I’m trying to get FactorySQL to work so I can learn how to make it do something. I made a couple of DB SQLTags in Designer, and a Group in the FactorySQL frontend, and trying to make an Action Item or two to write something to those tags. I can write to the tags in my FactoryPMI project, and I can see their values in the sqlt_core table in SQL Server Management Studio. But now the tags won’t show up in the Frontend and I keep getting various roadblocks that make no sense. Is there a tutorial somewhere that shows how to update a db tag from a Group? I was thinking to treat it just like an OPC tag, but that doesn’t seem to work.
The SQLTags system and the FactorySQL Groups/Items configuration are pretty much completely separate. You don’t update a DB SQLTag from a FactorySQL Group- you update it from a FactoryPMI screen. (Disclaimer - because SQLTags’ values reside in the database, you could update it from an action item, but you’d have to know what you’re doing)
Lets take a step back - what are you trying to accomplish?
Ah, you’re kind of looking at it from the wrong perspective. More specifically, you’re trying to bridge 2 fairly independent worlds: SQLTags and standard FactorySQL.
First off, SQLTags stands on its own in FactoryPMI, although FactorySQL is the driving force. Put a different way, the whole point of SQLTags is that you don’t have to go into FSQL at all. Therefore, the tags don’t show up in, nor are the usable, from FactorySQL.
The main question is what you want to accomplish. You said you created a DB tag, and wanted to write to it. What do you want to write? If you were trying to create an action item to run an expression or query, you would simply set up the DB tag to do that, under the “Expression/SQL” section on the tag configuration window in PMI. If you wanted to link it to an OPC point, you would simply create an OPC tag. Again, all configuration for SQLTags is done in the FactoryPMI designer.
Now, why would you go into FactorySQL? The FactorySQL frontend lets you configure groups with items. These are much more free form, and correspond to actual tables and columns that you define. In this way, you can do things like “create a table of tanks, with columns temperature, level and tank id, and each row represents a different tank”. That way you’re storing the data in a way that makes a lot of sense for the database. In PMI, instead of using SQLTags, you would be interacting with these table to accomplish what you want. Want to see the level of the tank? Bind a label’s text property to a polling query that selects it. What to write a setpoint? On a button’s action event, run a query that updates the correct row/column in the table.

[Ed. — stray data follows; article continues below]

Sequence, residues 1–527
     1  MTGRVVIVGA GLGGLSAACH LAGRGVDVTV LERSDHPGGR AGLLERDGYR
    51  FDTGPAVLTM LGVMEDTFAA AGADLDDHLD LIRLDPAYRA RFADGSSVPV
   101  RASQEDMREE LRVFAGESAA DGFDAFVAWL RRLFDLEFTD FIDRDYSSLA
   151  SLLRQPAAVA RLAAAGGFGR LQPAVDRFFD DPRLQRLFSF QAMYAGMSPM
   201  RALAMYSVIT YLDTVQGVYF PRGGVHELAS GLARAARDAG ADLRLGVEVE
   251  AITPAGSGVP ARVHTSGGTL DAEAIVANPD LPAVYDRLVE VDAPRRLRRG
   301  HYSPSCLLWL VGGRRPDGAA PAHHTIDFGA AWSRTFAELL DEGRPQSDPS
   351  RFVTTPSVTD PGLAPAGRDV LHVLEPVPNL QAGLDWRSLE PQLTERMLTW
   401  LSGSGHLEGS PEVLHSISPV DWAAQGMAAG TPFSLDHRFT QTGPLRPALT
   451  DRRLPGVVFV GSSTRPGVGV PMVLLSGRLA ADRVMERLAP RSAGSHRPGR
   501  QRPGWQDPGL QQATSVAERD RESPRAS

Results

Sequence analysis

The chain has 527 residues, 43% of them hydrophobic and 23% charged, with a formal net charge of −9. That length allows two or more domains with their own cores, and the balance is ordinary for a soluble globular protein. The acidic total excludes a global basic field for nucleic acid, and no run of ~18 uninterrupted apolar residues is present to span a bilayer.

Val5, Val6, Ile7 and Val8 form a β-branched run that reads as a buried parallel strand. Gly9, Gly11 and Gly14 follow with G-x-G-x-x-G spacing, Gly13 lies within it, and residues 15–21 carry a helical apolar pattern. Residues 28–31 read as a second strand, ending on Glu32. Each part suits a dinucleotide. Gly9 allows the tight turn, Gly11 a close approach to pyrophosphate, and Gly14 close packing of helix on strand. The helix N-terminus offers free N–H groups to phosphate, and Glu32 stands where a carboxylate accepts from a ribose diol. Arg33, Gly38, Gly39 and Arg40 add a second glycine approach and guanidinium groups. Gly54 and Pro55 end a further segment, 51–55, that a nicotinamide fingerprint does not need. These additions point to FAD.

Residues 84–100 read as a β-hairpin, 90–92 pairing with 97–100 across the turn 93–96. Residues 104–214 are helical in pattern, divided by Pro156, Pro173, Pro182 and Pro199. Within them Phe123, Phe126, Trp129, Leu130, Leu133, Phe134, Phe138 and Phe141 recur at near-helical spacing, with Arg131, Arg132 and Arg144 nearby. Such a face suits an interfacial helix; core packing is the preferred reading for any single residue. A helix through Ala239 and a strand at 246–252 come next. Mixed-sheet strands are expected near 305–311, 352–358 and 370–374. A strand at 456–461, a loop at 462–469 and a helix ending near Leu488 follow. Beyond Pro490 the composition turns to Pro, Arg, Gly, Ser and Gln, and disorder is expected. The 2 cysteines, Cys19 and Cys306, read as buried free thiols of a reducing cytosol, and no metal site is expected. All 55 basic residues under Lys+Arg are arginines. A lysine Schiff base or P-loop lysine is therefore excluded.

I hope this is all clear. Essentially SQLTags is supposed to accomplish a few things: 1) Hide the database, 2) Provide better feedback/response (when you write a value, you get a solid response of when it executes). 3) Allow configuration in one place. Otherwise, you’re simply working with tables, rows and columns in the database.
Please feel free to reply with any further questions, or more specifics as to what exactly you’d like to accomplish.
OK, here’s what I want it to do. I have two boolean OPC tags and a DINT tag. When both booleans go true, I want to add the contents of the DINT to a DB SQLTag “accumulator”.
I accomplished this via a standard group with a one-shot trigger on the two booleans. It reads the DINT, adds it to the DB SQLTag and writes that to sqlt_core intvalue and updates the valuechange field for the DB SQLTag. All this works fine as verified by looking at the contents of the sqlt_core table.
Unfortunately, the problem is the DB SQL tag does not display the updated value in the application. In this case, I can open the table and see the value is now 22, and valuechange shows the current datetime, but the application still displays the 0 from 20 minutes ago. Even if I quit the application and relaunch it, it still shows 0. What do I need to do to make the application see that the value has changed and to update the screen?
Well, what you’re doing should work. To update a DB tag via the database (which you normally wouldn’t do, but in this case to respond to a trigger, it is a good idea), all you’d need to do is update the intvalue and the valuechange. For instance, a query like this would do the trick:
UPDATE sqlt_core SET intvalue=22, valuechange=now() WHERE name='test'
Hope this helps,
Yes, I can run that query and it will work. The value will update in the application window.
The problem comes when I try to do that query in a FactorySQL group, it doesn’t work. The value updates in the table and I can see that intvalue changes and valuechange changes.
Here’s an update on this. I had two separate items in the group with the Store result to DB field option enabled for intvalue and valuechange items. I removed them, inserted a new item with my own UPDATE query updating both fields (similar to yours above), with Store result to DB field disabled. Now it works. I don’t understand why, but it is working. The entire Action tab for the group is useless though.
Yeah, doing it in a query is the way to go. It’s true that the settings for the group would not be very relevant, aside from the update rate and perhaps a trigger.
Usually in situations like this you would just tell the group to point to a dummy table, called ‘dummy’ or whatever. It won’t actually do anything to the table, but right now each group needs a table name, so that keeps it away from other ones that are in use.
I can’t really say off hand why it didn’t work the other way, though there are a few possibilities. All said and done though, the way you’re doing it now is better. It’s probably better that you don’t have groups pointed directly to the sqlt_core table, as it’s very easy to accidentally add columns and rows that may have adverse effects.